From this angle, this prophecy both informs and expands on what Jesus declares in the gospel about “fulfilling all righteousness” (or “justice” as in verse 1 of Isaiah 42—the word in Greek can be translated either way). The way this servant brings about justice is unprecedented—a truly “new thing.” It is not by shouting down or forcing out the unjust. It is by supporting and raising up those who have been treated unjustly—the bruised reeds, dimly burning wicks, the blinded, and the imprisoned. The way of justice this servant establishes is the way of redeeming love.
While Isaiah identifies God’s redeeming purposes for those who have been hurt and oppressed, Acts reminds us the waters of baptism are open to all, anywhere, who seek to confess Jesus as Lord (“fear God,” vs. 35) and follow in his way (“working righteousness,” verse 35, “believe into his name,” verse 43). This text also adds another dimension—Jesus as Judge of the living and the dead and Forgiver of sins for all who follow his way.
Consider, then, all that these waters of baptism hold out for us, this day and every day. New creation, new birth, adoption as children of God, means of justice, inspiration to Jesus’ way of embodying God’s justice, availability to all people everywhere who seek to follow this way, seal for the day of judgment and cleansing from sin.
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In Your Planning Team
Kickoff a New Season
It’s another Sunday rich in symbols and celebration. As Epiphany was culmination of Christmas Season, Baptism of the Lord is “kickoff” for the Season after Epiphany. The purpose of this season is to prepare your congregation or worshiping community to accompany persons on an intensive journey of baptismal preparation or reaffirmation during Lent. As noted in Planning for the Season after Epiphany 2014, this is the purpose whether you follow the Epistle track or the Old Testament/Gospel track in the weeks ahead. These tracks are truly distinctive. The readings in I Corinthians focus on working through conflict and diversity. The readings in Matthew, John and the Old Testament focus on the early ministry of Jesus and his calling and core teaching of disciples (Sermon on the Mount). Choose just one, and use today to kick it off effectively.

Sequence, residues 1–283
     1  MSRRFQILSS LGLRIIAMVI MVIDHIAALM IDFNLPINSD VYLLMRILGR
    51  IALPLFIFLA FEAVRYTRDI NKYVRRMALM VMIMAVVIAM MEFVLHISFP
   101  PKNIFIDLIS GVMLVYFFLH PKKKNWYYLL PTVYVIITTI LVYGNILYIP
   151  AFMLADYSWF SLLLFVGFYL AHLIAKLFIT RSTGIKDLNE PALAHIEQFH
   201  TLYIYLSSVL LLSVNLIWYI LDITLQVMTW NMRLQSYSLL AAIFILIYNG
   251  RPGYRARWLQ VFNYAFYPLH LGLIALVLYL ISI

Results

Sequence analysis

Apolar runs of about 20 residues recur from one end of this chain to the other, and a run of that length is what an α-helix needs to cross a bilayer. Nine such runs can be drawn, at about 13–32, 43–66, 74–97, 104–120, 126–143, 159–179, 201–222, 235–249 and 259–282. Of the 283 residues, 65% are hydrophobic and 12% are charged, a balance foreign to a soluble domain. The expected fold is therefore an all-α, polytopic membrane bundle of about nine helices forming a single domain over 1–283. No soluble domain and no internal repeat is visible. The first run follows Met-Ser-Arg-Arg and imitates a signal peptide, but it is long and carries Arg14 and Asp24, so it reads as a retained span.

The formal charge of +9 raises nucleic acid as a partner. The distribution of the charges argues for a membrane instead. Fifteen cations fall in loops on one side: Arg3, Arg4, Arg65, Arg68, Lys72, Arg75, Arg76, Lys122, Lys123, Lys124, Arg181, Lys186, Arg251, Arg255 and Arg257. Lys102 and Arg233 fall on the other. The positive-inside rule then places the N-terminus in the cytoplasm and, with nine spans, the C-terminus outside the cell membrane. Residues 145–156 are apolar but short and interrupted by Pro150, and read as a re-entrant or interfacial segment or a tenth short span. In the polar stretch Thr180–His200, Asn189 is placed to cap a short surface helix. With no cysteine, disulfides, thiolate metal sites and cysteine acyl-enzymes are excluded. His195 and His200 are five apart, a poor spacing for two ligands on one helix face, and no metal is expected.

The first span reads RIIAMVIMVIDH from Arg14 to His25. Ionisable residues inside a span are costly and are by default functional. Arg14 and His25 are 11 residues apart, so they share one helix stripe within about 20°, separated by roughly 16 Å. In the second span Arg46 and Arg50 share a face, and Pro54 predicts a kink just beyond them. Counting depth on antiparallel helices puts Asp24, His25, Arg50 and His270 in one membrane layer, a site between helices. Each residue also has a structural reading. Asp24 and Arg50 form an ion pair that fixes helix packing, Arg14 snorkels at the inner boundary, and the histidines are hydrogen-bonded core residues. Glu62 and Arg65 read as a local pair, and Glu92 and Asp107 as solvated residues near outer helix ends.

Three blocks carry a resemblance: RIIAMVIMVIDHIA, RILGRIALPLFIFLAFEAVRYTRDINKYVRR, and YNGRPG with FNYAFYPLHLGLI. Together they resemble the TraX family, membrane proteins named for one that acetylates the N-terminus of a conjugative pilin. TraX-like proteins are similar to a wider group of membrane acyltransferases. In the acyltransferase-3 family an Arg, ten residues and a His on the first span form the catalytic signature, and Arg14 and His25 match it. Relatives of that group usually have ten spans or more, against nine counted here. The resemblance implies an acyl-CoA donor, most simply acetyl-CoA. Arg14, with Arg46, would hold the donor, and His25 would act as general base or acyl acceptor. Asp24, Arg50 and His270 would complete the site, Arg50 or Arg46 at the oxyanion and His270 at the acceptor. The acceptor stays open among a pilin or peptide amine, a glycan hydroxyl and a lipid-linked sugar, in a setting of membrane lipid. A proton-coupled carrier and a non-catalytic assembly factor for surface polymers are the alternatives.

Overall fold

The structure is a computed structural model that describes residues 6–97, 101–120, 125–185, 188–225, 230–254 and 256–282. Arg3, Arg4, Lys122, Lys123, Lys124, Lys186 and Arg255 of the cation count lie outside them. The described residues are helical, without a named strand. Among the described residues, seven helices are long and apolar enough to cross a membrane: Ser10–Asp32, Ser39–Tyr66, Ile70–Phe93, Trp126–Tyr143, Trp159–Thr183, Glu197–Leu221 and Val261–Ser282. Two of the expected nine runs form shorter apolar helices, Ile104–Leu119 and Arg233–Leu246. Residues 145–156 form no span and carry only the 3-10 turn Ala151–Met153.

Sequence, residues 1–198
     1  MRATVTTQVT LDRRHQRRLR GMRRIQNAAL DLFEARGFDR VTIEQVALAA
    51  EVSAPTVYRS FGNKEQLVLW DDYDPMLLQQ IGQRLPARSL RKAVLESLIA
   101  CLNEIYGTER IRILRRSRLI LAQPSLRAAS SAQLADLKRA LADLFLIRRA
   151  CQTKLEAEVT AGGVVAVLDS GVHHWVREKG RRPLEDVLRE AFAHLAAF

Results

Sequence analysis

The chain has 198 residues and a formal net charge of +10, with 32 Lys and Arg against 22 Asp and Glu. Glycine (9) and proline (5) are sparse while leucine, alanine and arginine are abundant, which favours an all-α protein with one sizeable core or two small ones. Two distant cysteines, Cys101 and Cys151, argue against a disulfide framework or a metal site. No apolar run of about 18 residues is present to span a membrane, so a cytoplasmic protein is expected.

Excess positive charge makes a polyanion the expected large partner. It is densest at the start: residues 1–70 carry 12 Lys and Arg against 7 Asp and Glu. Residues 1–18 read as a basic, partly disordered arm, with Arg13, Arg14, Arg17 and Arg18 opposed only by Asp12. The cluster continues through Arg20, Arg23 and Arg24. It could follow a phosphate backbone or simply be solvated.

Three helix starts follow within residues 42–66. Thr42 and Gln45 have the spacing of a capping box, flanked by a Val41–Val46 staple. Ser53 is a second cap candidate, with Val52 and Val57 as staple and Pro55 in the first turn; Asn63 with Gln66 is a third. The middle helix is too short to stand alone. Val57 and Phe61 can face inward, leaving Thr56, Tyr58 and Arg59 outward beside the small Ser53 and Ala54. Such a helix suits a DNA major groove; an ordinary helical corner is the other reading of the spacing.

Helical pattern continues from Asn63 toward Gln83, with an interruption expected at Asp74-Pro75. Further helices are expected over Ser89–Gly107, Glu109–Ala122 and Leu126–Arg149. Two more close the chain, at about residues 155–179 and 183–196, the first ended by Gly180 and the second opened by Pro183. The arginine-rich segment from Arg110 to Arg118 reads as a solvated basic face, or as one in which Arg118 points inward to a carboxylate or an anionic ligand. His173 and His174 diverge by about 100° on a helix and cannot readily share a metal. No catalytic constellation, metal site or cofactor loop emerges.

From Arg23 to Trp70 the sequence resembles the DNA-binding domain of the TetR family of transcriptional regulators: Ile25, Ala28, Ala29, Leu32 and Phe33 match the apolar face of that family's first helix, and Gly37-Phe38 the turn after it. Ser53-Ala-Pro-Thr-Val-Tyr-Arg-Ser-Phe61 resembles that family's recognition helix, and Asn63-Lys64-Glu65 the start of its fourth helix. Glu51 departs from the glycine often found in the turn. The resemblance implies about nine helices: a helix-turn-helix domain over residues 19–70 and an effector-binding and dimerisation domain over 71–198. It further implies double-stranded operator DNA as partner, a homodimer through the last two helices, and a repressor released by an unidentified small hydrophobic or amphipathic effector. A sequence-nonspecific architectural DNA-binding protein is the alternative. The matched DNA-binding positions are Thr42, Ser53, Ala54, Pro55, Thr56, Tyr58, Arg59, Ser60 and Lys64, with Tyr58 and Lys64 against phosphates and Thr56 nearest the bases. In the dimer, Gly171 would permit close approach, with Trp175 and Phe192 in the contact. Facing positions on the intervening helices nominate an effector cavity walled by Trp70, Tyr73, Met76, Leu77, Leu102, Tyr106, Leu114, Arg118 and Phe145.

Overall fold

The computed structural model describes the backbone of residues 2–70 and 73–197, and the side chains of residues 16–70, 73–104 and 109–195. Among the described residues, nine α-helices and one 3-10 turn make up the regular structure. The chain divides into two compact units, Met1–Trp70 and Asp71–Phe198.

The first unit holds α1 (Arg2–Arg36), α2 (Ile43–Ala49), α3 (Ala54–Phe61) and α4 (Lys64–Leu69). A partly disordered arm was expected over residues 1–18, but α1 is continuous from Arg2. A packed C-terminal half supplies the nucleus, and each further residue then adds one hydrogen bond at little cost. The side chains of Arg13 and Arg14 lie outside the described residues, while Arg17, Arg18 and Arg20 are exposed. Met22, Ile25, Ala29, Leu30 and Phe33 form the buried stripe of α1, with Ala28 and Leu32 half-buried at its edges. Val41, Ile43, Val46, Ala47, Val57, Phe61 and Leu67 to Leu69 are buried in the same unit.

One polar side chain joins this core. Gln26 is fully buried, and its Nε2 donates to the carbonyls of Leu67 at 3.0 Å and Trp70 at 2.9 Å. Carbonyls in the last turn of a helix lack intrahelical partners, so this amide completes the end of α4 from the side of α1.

The baptism of Jesus and baptismal reaffirmation are a great place to begin either journey together. To be “in union with the church which Christ has opened to people of all ages, nations and races” calls us to work collaboratively, appreciating the gifts and differences we each bring, not elevating one gift or one person over another. Likewise, the vow to accept Jesus as Savior and serve him as Lord relates directly to the call to discipleship and living as he teaches in the Sermon on the Mount.
So leverage the texts for today— both biblical and ritual—not only to keep today well, but also to point the way worship will be leading your congregation in the coming weeks.